How to Bridge The Divide?

Dec 8, 2020

We asked Professor Doug Powers for his thoughts on the recent election and the psychology of American politics. How can we bridge the divide in the US today? 

As human beings our natural tendency is to look outside ourselves when we look at the problems we’ve encountered with the election. When we look at things we find to be repugnant to what’s good for society, is there a Buddhist approach that allows us to focus on our own part within this?  

How can we connect with people that want to deny other people their right to occupy the human space?

Doug: Well, of course, you’re basically asking the question, “How does a bodhisattva develop?”   

A bodhisattva is totally engaged in the conditional, totally engaged in all sentience, within the context of the reality of each sentience – the bodhisattva by the time they get to a certain stage has lost the need to be in their own identity.  The other sentience’s existence as they experience it IS the awareness of the bodhisattva – they take on that awareness as their own identity, with no attachment and no self, and engage that sentience from within their own experience.  People holding hands around a redwood tree.

So there’s a total transformation.  But the one difference is, because of the vows they took and the development of compassion and the development of all these skills, the bodhisattva is able to bring a deep sense of  caring to each sentience – no matter what the actual nature or character of that sentience is.  There’s no judgement at all.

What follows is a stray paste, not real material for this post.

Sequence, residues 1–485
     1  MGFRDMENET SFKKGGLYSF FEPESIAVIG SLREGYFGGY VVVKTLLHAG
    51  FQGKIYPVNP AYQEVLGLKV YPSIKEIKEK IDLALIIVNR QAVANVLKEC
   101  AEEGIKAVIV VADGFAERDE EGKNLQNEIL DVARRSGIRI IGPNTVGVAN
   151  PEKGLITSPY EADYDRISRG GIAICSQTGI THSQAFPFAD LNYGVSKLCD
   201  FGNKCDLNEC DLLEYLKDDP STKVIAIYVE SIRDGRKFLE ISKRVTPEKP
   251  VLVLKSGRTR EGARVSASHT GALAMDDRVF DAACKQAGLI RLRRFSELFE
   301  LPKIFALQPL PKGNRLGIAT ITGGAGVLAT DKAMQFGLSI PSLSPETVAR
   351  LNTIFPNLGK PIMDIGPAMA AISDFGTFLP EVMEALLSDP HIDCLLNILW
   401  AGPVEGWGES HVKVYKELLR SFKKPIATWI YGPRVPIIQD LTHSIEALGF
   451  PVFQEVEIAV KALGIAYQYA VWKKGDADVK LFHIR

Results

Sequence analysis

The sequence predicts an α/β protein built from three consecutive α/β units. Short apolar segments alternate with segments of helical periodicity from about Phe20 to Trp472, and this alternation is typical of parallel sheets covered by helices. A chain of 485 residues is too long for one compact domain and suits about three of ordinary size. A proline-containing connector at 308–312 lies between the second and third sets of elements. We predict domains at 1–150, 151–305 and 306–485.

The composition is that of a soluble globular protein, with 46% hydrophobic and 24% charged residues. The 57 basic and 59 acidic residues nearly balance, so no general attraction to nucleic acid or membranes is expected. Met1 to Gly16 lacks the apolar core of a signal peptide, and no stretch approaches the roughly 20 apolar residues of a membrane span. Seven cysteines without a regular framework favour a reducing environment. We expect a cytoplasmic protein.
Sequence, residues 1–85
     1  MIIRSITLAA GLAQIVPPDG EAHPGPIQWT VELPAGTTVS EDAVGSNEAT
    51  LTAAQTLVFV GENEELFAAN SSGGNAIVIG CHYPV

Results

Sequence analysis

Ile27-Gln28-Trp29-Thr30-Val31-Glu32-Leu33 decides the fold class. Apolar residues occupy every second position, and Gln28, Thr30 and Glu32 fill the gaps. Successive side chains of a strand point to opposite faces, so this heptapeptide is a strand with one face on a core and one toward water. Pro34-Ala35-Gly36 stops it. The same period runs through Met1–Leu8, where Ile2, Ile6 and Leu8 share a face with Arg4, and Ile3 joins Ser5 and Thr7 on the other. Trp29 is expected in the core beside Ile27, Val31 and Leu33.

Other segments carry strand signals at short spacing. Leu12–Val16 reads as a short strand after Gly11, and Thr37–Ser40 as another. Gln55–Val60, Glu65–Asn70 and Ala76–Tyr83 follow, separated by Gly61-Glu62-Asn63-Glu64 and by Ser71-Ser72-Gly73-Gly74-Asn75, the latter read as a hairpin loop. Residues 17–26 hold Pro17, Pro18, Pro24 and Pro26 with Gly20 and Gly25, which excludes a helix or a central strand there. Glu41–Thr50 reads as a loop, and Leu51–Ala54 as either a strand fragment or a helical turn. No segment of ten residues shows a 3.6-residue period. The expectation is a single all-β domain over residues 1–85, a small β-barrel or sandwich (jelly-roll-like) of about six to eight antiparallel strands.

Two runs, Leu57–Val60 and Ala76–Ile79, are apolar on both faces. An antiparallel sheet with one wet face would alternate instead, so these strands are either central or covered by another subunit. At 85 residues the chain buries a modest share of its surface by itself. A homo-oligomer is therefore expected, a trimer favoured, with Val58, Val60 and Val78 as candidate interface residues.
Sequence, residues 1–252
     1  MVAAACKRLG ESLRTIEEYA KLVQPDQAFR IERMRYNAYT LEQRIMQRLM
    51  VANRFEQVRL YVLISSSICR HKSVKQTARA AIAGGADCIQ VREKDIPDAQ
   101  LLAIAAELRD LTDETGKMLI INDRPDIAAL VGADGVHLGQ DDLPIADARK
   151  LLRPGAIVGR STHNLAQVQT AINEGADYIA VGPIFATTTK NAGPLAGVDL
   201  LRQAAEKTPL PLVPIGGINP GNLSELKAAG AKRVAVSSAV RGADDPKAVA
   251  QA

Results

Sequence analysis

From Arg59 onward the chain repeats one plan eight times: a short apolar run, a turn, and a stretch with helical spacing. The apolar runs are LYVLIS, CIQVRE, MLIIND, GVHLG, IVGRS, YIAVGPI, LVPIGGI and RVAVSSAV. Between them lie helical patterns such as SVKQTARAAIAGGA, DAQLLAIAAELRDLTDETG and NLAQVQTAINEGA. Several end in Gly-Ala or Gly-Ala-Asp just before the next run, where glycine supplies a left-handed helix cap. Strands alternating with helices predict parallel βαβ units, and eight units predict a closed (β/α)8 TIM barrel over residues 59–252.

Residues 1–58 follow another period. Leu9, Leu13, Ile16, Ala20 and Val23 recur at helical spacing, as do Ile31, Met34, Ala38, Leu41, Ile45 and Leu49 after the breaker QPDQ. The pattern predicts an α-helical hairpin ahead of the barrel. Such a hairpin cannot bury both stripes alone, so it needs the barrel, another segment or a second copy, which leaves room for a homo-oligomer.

From the point of view of social justice, Guan Yin Bodhisattva is totally unfair, because Guan Yin is there attending to every sentience with loving kindness, compassion, sympathetic joy, and equanimity, universally to every consciousness at every moment of every experience, toward the goal of having that person truly have less suffering and be able to attain a greater sense of bliss.  

So, just think of yourself in that way with every person – that you’re willing to engage each sentience, totally sympathize with their experience. 

I would hypothesize that if you’re actually able to engage other sentient beings in that way, you’ll have better odds of having a true impact through them feeling better about themselves, and to impact the resentment, anger, and all these other elements that are at the base of the things we’re talking about.  

This might be the only way that we can actually transform other beings, in the sense of having them in turn be more generous and give more space to other people’s existence.  The only way to help people open up and give more space to others is for them to feel okay in themselves in a way that then allows them to not have to be so defensive.  You’re not going to do much by pointing out that the other person is not being just or is not opening up space for other people.  That isn’t going to work because the person’s going to immediately turn defensive about that characterization.  And it doesn’t do anything for the person’s own sense of lacking, loss, and so forth that is the basis of their whole sense of not having enough room for any kind of larger generosity.  

If you want to have society change, you have to engage the pain in people so that they feel whole enough in their hearts, full enough in themselves, and comfortable enough in themselves that they can afford generosity, that they can afford to make space for other people. 

If their hearts aren’t mended in their sense of their own selves, then they have no space for generosity in their own process.  I don’t think there’s any other way to do it without conflict – without just getting back into the same clash.